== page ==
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National Company Law Appellate Tribunal (NCLAT), New Delhi: The Bench comprising of S.J. Mukhopadhaya (Chairperson) and A.I.S Cheema, Member (Technical) and Kanthi Narahari, Member (Technical) declared an appeal filed under Section 9 of the Insolvency and Bankruptcy Code, 2016 not maintainable in view of the pre-existing dispute.

In the present case, an appeal filed under Section 9 of the Insolvency and Bankruptcy Code, 2016 by Respondent 1 against ‘Axiss Dental Private Limited’ (Corporate Debtor) was admitted by National Company Law Tribunal, New Delhi by the impugned order.

Counsel appearing for appellant Ruchin Middha and Iggu Chittiappa, stated that there was pre-existing dispute due to which application under Section 9 of I&B Code was not maintainable. Further, they placed reliance on Company Petition no. 96/241-242/ (PB) of 2018 preferred by Respondent 1 under Sections 241, 242 and 244 of Companies Act, 2013 alleging certain acts of ‘oppression and mis-management’.

Counsel appearing on behalf of Respondent 1 submitted that Respondent 1 is a shareholder, CEO and Director of the Company. It was stated that he was not paid salary for certain months and in spite of demand notice under Section 8(1), ‘Corporate Debtor’ defaulted to pay.

Tribunal found that the company petition under Sections 241 and 242 of Companies Act 2013 was still pending before NCLT, New Delhi.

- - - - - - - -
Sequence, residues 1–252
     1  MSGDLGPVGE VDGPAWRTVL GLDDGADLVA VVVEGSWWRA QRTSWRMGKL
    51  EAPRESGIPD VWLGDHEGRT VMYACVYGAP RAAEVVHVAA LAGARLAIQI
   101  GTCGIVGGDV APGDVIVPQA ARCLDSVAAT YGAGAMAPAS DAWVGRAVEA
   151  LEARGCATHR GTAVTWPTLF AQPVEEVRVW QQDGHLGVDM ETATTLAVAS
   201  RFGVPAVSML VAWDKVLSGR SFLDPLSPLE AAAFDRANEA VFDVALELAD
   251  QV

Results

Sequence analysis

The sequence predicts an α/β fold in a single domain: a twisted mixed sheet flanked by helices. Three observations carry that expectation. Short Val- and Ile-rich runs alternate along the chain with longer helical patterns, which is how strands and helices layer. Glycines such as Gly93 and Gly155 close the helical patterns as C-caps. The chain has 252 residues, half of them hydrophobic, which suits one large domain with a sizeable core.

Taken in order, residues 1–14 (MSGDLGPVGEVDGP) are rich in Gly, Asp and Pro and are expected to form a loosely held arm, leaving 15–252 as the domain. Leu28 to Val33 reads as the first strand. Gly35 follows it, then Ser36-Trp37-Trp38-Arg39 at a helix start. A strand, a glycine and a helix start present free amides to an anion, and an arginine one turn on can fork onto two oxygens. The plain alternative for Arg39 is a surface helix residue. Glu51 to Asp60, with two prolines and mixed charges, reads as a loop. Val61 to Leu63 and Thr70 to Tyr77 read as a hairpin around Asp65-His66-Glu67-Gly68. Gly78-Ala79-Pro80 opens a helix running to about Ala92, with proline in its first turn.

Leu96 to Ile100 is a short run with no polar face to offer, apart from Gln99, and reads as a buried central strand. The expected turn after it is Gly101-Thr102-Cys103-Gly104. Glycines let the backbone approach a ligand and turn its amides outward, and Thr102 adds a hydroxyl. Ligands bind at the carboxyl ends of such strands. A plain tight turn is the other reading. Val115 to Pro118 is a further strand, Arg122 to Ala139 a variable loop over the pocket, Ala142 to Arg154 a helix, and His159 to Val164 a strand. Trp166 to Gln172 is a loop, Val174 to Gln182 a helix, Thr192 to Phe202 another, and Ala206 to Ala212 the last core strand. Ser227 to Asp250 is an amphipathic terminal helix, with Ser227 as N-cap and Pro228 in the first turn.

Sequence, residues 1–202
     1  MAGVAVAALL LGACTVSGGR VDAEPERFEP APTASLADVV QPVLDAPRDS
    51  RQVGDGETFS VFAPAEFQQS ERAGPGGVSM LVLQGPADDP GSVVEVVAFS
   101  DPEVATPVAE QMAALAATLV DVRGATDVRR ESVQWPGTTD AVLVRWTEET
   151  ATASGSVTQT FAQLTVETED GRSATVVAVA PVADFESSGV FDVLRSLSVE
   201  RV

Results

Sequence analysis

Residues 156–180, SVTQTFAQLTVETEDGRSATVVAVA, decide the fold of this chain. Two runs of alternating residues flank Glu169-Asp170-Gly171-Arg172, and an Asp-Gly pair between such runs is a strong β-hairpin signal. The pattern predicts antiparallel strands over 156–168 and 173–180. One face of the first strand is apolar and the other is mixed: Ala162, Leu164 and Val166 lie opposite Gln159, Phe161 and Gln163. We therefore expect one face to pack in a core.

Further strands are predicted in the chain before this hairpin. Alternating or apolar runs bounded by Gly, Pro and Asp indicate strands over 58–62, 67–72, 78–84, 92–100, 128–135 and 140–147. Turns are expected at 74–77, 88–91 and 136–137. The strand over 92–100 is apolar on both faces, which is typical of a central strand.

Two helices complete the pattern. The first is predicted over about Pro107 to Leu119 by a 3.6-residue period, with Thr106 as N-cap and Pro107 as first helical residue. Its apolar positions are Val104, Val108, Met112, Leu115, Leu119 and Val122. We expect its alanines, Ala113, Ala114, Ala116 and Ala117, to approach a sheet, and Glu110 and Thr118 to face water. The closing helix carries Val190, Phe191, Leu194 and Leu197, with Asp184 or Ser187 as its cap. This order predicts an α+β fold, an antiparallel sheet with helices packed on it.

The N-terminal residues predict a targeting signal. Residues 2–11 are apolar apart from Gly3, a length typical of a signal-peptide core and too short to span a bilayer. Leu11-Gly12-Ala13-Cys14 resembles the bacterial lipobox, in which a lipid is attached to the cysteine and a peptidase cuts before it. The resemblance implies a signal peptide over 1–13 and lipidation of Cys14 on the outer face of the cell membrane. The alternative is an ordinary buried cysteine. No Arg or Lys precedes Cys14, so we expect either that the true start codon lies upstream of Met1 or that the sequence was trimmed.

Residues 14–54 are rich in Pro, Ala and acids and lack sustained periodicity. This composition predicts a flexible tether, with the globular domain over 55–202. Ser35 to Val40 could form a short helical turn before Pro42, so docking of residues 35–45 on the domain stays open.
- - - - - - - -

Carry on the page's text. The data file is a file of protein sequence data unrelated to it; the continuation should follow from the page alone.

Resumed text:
Respondent 1 issued a demand notice under Section 8(1) of I&B Code when the above-stated application was still pending in respect to the payment of salary and the decision of NCLT was awaited in that regard.

Therefore, NCLAT on perusal of the facts as stated above found that there is a pre-existence of dispute with regard to salary payable to Respondent 1 and the decision for the same was awaited prior to issuance of ‘demand notice’ under Section 8(1) and held that the application under Section 9 of I&B Code was not maintainable.

Further, the orders passed by adjudicating authority in regard to the appointment of ‘Interim Resolution Professional’, declaring a moratorium, etc. pursuant to the impugned order of admission and action taken by ‘Resolution Professional’ were all declared illegal and set aside. ‘Corporate Debtor’ was released from all the rigour of law and allowed to function independently through its board of directors with immediate effect.

Thus, the appeal was allowed in the above terms and application under Section 9 of the I&B Code declared not maintainable in view of the pre-existing dispute. [Vivek Pasricha v. Amit Sachdeva, 2019 SCC OnLine NCLAT 467, decided on 02-09-2019]

Case BriefsHigh Courts

National Company Law Appellate Tribunal (NCLAT), New Delhi: The 3-Judge Member Bench comprising of Justice S.J. Mukhopadhaya (Chairperson) and Justice A.I.S Cheema (Judicial Member) and Kanthi Narahari (Technical Member), while pronouncing an order in regard to the “Jet Airways” setback addressed the following question:

“Whether separate proceeding(s) in ‘Corporate Insolvency Resolution Process’ against common ‘Corporate Debtor’ can proceed in two different countries, one having no territorial jurisdiction over the other?”

Further, noting the fact that separate ‘Corporate Insolvency Resolution Process’/ liquidation proceedings have been initiated against Jet Airways (India) Limited — ‘Corporate Debtor’, the one in India and another in Netherland, the point of determination as framed was,

“Whether by a Joint Agreement between the ‘Resolution Professional’ of ‘Corporate Debtor’ in India and Administrator in Netherland, as may be approved  by Appellate Tribunal, one proceeding in India can proceed for maximization of the asset of ‘Corporate Debtor’ and balancing all stakeholders, including Indian/Offshore/Creditors/Lenders”?